Jewish book club
The January 16th book will be Mazel by Rebecca Goldstein.On Dec. 5th we'll meet back at temple for a discussion of Rashi's daughters by Maggie Anton, the first book of Joheved. On Oct. 17th we discussed Bee Season by Myla goldberg with the leadership of our Bonnie:). For sept. 19 we again got from the Skokie library Snow in August by Pete Hamill, a story about a brooklyn boy. We are only a month behind:) Eunice led us into the discussion.
On Aug. 15th we visited The Romance Reader by Pearl Abraham, 1995. This meeting was led by Suzie Goldstein our newest member.
July 18th we discussed the translation of the book
Don't Call it Night by the Israeli Amos Oz.
Joan Kerlow led the discussion. I am sorry to have missed it:(
In June we discussed The amazing adventure of Kavalier and Clay by Michael Shabone
On May 16th Charlotte Jaffe led our group on the book The Left Hand of God by Rabbi Michael Lerner.
Our April 18th, 2007 book is
Everything is Illuminated by Jonathan Safran Foer, 2002.
With only a yellowing photograph in hand, a young man - also named Jonathan Safran Foer - sets out to find the woman who might or might not have saved his grandfather from the Nazis. Accompanied by an old man haunted by memories of the war, an amorous dog named Sammy Davis, Junior, Junior, and the unforgettable Alex, a young Ukrainian translator who speaks in a sublimely butchered English, Jonathan is led on a quixotic journey over a devastated landscape and into an unexpected past. As their adventure unfolds, Jonathan imagines the history of his grandfather's village, conjuring a magical fable of startling symmetries that unite generations across time. Lit by passion, fear, guilt, memory, and hope, the characters in Everything Is Illuminated mine the black holes of history. As the search moves back in time, the fantastical history moves forward, until reality collides with fiction in a heart-stopping scene of extraordinary power. An arresting blend of high comedy and great tragedy, this is a story about searching for people and places that no longer exist, for the hidden truths that haunt every family, and for the delicate but necessary tales that link past and future. Exuberant and wise, hysterically funny and deeply moving, EVERYTHING IS ILLUMINATED is an astonishing debut.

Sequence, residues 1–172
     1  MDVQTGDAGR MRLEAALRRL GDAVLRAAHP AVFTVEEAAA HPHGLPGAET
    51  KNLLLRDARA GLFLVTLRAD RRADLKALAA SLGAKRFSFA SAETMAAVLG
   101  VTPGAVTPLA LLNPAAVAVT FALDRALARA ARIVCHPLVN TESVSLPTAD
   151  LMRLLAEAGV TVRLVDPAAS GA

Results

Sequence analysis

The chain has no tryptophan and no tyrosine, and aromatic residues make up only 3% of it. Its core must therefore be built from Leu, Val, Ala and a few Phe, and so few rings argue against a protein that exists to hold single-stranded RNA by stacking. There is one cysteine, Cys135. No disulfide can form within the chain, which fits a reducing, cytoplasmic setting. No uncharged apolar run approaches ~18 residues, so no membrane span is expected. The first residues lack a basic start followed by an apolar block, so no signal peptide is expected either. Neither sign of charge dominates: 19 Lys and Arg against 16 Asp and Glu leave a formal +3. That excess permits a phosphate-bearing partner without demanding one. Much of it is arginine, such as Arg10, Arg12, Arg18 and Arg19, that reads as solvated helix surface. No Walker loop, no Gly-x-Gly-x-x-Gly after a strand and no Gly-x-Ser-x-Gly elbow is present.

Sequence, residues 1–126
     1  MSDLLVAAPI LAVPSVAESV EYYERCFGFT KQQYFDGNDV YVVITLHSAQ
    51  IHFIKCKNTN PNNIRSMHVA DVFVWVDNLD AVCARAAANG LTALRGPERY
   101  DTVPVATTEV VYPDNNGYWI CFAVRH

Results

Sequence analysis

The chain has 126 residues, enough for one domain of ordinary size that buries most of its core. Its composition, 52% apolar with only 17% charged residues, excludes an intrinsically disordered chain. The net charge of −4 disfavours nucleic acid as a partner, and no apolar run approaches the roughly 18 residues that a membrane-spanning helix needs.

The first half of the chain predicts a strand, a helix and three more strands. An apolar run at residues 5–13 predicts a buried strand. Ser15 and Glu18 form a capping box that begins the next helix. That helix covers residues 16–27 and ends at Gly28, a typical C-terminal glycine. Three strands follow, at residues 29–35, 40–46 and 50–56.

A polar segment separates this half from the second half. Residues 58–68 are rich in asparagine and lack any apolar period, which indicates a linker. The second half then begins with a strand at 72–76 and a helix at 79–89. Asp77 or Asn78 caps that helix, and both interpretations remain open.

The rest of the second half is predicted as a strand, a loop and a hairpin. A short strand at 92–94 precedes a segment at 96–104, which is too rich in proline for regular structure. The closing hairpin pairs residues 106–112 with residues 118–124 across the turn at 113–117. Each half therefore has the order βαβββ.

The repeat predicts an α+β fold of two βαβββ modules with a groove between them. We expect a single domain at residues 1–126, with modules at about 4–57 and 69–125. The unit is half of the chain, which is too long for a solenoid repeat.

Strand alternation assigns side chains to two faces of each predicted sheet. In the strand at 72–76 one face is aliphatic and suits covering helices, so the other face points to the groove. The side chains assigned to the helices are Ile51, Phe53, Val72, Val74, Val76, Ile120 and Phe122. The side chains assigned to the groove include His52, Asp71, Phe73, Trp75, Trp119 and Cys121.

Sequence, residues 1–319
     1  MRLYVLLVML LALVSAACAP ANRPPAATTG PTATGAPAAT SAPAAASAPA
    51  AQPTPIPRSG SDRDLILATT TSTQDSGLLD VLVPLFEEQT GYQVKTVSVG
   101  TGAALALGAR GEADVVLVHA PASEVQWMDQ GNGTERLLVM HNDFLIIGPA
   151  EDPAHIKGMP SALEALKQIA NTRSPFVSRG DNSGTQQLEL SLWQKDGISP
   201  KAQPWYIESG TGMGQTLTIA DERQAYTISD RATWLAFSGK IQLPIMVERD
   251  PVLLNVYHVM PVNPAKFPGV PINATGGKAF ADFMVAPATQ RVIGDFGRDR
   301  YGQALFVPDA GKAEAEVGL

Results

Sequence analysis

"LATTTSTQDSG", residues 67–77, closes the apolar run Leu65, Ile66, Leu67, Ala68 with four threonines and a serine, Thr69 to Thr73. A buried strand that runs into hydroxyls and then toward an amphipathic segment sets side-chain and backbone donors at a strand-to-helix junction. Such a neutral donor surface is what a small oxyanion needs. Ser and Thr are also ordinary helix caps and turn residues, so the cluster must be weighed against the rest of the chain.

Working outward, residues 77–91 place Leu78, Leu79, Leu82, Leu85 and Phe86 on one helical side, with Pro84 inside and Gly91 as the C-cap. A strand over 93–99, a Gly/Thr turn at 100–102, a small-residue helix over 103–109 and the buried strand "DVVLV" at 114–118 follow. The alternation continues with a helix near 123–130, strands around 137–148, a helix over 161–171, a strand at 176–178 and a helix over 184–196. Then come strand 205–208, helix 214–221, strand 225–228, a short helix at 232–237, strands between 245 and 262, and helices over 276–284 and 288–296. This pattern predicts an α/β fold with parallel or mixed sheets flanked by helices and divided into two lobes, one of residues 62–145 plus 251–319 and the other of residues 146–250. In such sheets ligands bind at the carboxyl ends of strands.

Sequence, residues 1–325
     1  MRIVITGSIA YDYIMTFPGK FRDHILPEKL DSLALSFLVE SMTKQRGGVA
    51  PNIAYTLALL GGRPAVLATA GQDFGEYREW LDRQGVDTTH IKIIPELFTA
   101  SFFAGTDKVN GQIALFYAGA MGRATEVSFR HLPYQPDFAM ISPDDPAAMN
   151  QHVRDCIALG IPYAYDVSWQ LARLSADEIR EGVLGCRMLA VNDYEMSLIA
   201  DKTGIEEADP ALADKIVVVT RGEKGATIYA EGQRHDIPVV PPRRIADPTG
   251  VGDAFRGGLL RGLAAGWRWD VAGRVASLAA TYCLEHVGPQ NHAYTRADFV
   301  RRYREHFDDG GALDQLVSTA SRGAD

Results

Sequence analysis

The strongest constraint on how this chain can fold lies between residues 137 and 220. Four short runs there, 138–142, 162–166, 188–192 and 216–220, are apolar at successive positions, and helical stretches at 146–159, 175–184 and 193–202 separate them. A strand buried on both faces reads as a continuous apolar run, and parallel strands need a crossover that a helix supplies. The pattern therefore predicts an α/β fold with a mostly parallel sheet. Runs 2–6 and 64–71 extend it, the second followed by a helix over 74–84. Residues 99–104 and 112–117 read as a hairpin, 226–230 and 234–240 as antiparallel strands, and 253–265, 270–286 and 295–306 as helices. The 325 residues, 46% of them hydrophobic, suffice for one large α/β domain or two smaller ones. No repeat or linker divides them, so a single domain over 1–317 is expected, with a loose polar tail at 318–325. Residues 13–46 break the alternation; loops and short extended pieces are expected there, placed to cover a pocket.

My Name is Asher Lev by Chaim Potok was read for our first meeting on September 20th.
Who needs God by
Harold Kushner is the book we chose to read for
Oct. 18th. A NY Times bestseller.
"We need to believe that the world we live in makes sense, that there is a pattern to it, and we look to religion to teach us that pattern."
There are a few copies of it in the Skokie library.
Come even if you didn't quite get into the book.
We skipped the meeting for the month of December.
Good rest and good reading to all:)
Our January 17th book was: The Red tent by Anita Diamond.
Our February 28th (a change of date!) book was An Empire of Their Own: How the Jews Invented Hollywood by Neal Gabler, led by our own History Professor Al Erlebacher.
Our March 21st book is Not the Germans Alone A son's search for the truth of Vichy. By Northwestern Univ. Press, Evanston, 1999. The author Isaac Levendel himself led the group.
|Religious||The Red Tent
|Who Needs God
The left hand of God
|non-religious||History of Love
Everything is Illuminated
|How the Jews invented Hollywood
Not the Germans Alone
Please join us on the 3rd wed. of every month at 1 pm in Room 1 at TJM.
See the brick
Her name is Dinah. In the Bible, her life is only hinted at in a brief and violent detour within the more familiar chapters of the Book of Genesis that are about her father, Jacob, and his dozen sons. Told in Dinah's voice, this novel reveals the traditions and turmoils of ancient womanhoodthe world of the red tent. It begins with the story of her mothersLeah, Rachel, Zilpah, and Bilhahthe four wives of Jacob. They love Dinah and give her gifts that sustain her through a hard-working youth, a calling to midwifery, and a new home in a foreign land. Dinah's story reaches out from a remarkable period of early history and creates an intimate connection with the past. Deeply affecting, The Red Tent combines rich storytelling with a valuable achievement in modern fiction: a new view of biblical women's society.